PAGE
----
Russia Contacted U.S. Twice About Accused Boston Bomber - KTVN Channel 2 - Reno Tahoe News Weather, Video -

Russia Contacted U.S. Twice About Accused Boston Bomber

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Two U.S. officials briefed on the Boston marathon investigation say the Russian government contacted the FBI and the CIA separately in 2011 with concerns about Tamerlan Tsarnaev, one of the men authorities say was behind the attacks.
 
One of the officials says the CIA was contacted by Russia in the fall of 2011. Officials say Russia contacted the FBI in early 2011. 
 
The officials spoke on condition of anonymity because they were not authorized to speak publicly about the ongoing investigation.
 
The FBI said its investigators found nothing to suggest Tsarnaev was part of an extremist group and shared that information back. 
 
Tsarnaev died in a police shootout.

U.S. officials say the Boston Marathon explosions that killed three people and wounded more than 260 were triggered by a remote-controlled detonator.
 
Two officials on Wednesday said the bombs were not very sophisticated. One of the officials described the detonator as "close-controlled" -- meaning it had to be triggered within several blocks of the bombs. 
 
Both U.S. officials are close to the ongoing investigation but spoke on condition of anonymity because they were not authorized to discuss it publicly.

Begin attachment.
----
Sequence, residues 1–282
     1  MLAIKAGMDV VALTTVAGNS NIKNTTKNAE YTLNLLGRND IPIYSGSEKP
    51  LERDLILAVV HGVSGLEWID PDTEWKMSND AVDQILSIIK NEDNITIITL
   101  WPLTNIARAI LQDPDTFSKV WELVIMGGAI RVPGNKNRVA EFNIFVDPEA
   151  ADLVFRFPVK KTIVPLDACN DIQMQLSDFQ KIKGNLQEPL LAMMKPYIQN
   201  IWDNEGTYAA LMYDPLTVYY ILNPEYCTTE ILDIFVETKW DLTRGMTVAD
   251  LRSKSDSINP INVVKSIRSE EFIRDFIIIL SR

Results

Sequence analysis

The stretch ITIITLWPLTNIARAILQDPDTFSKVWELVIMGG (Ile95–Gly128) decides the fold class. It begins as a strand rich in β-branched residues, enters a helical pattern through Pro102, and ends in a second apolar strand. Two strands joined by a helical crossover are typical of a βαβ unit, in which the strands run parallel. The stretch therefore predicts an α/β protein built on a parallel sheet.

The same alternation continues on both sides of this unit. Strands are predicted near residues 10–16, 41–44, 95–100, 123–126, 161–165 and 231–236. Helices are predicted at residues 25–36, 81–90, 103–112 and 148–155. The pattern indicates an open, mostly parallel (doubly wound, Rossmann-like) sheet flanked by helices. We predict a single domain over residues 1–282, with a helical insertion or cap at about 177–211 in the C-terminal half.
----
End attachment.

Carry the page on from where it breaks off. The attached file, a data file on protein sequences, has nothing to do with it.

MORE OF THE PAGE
It was not immediately clear what the detonation device was. 
 
A criminal complaint outlining federal charges against the surviving bombing suspect, Dzhokhar Tsarnaev, described him as holding a cellphone in his hand minutes before the first explosion. 
 
Cellphones have been used to trigger bombings in war zones.

Meanwhile, the suspect in the Boston Marathon bombings killed in a shootout with police received welfare benefits from the state up until last year, when he became ineligible based on family income.

A spokesman for the state Office of Health and Human Services on Wednesday confirmed a Boston Herald report that 26-year-old Tamerlan Tsarnaev, his wife and their toddler daughter had received benefits.

A lawyer for his wife, Katherine Russell Tsarnaeva, has said that she worked 70 to 80 hours per week as a home health aide while her husband cared for their daughter.

The state says both Tsarnaev and Dzhokhar Tsarnaev -- his brother and the other bombing suspect -- received welfare benefits as children through their parents while the family lived in Massachusetts.

Neither was receiving benefits at the time of the bombing. (AP)

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